W3C home > Mailing lists > Public > xml-dist-app@w3.org > March 2006

How many states on each end?

From: David Hull <dmh@tibco.com>
Date: Wed, 29 Mar 2006 23:47:11 -0500
To: "xml-dist-app@w3.org" <xml-dist-app@w3.org>
Message-id: <442B62CF.7090706@tibco.com>
Technically, one consequence of the differing view of whether the
exchange completed successfully is that the receiver may remain in the
"init" state regardless of which state the sender goes to.  E.g.,

    * I send a UDP packet, the receiver's gateway is down.  I transition
      to success, the receiver hears nothing and stays in init.
    * I try to send a UDP packet, but my gateway is down.  I get a no
      route to destination error and go to failure.  Naturally, the
      receiver hears nothing.

There may be a subtlety here.  The sender knows when it's going to try
to send a message.  We could model this by making "init" an "idle" state
and transitioning to "sending" when actually trying to send a message. 
The receiver, on the other hand, doesn't know anything's happening until
it actually starts to happen, so its "init" state is more like
"listening".  Once a message starts coming in, it either comes in or it
fails to, but we could insert "receiving" analogously to model the
receiver becoming aware that something is coming in.

Whatever subtlety there is here is also present in the request-response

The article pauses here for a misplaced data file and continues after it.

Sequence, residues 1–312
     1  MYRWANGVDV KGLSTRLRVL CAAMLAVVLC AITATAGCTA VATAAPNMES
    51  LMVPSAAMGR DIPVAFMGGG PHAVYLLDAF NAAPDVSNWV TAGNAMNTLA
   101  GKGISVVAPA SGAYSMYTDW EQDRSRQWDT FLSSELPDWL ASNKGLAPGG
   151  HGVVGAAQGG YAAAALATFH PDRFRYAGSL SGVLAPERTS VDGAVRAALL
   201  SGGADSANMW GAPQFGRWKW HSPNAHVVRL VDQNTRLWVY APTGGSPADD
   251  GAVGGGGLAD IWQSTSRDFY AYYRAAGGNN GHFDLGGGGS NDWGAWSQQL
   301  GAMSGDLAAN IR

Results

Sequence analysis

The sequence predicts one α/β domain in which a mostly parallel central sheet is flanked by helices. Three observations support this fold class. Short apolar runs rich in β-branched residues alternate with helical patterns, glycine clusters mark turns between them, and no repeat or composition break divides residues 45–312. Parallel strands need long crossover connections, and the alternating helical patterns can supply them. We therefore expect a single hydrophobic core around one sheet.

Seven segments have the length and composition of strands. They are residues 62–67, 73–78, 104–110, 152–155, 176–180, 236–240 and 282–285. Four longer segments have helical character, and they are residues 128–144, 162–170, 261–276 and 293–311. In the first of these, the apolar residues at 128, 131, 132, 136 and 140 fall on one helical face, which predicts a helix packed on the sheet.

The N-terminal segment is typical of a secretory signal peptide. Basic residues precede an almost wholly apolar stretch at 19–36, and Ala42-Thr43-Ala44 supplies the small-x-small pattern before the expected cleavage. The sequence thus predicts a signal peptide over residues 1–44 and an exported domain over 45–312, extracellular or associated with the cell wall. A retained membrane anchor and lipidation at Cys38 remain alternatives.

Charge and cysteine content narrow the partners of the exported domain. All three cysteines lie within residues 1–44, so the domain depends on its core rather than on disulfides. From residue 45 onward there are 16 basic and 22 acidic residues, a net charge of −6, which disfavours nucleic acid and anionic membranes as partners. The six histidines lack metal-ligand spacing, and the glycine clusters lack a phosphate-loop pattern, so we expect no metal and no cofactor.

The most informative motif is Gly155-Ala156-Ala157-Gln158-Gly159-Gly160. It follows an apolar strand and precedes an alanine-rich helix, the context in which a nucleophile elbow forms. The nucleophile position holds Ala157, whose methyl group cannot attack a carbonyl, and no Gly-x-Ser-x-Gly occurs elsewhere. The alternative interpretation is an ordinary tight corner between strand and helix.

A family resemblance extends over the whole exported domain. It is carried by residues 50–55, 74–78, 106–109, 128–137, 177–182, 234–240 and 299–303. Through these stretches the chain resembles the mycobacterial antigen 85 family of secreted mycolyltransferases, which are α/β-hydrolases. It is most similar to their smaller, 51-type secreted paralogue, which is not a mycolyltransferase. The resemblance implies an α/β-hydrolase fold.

MEP, and the request-response MEP does indeed include intermediate
states; Init is different from sending on the request side and receiving
on the response side.  This distinguishes "I'm idle" from "I'm sending a
request" and "I'm waiting for a request" from "a request is now coming
in."  It's a bit confusing that the Init -> Sending condition is given
as "unconditional" as opposed to "Start sending request message," but
the distinction is still there.

The question is, who wants to know this distinction?  From the point of
view of determining whether the MEP succeeded, or whether anything
happened at all, three states on each end are enough.  In practice,
there will always be some sort of timeout ensuring that one does not
stay in the "sending" or "receiving" state indefinitely, and regardless,
we don't want to make a pronouncement while still in those states.  In
other words, if I get to "receiving" I will always go to either
"success" or "failure" and if I don't, I simply stay in "init" as
described above.

The intermediate states only seem useful if external entities want to
query whether anything is in progress, or conversely if the node wants
to notify them on transition, but how finely do we want to slice this? 
We could easily add "envelope built" or "headers processed" or whatever
and argue for each of them.  I could particularly see an argument for
"headers processed" in the context of WSA and fault handling.  However,
I would prefer to keep the MEP definition minimal and layer finer
distinctions on top of it.  We can always define, say, "receiving" and
"headers processed" later and define them as equivalent to "init" for
purposes of determining overall success and failure.

Normally I'd tend toward the "request-response is that way for a reason"
school of thought, but while that's almost certainly true, I've seen
(and done) enough pushback against the request-response state machines
to want to re-examine them.
Received on Thursday, 30 March 2006 04:47:20 GMT

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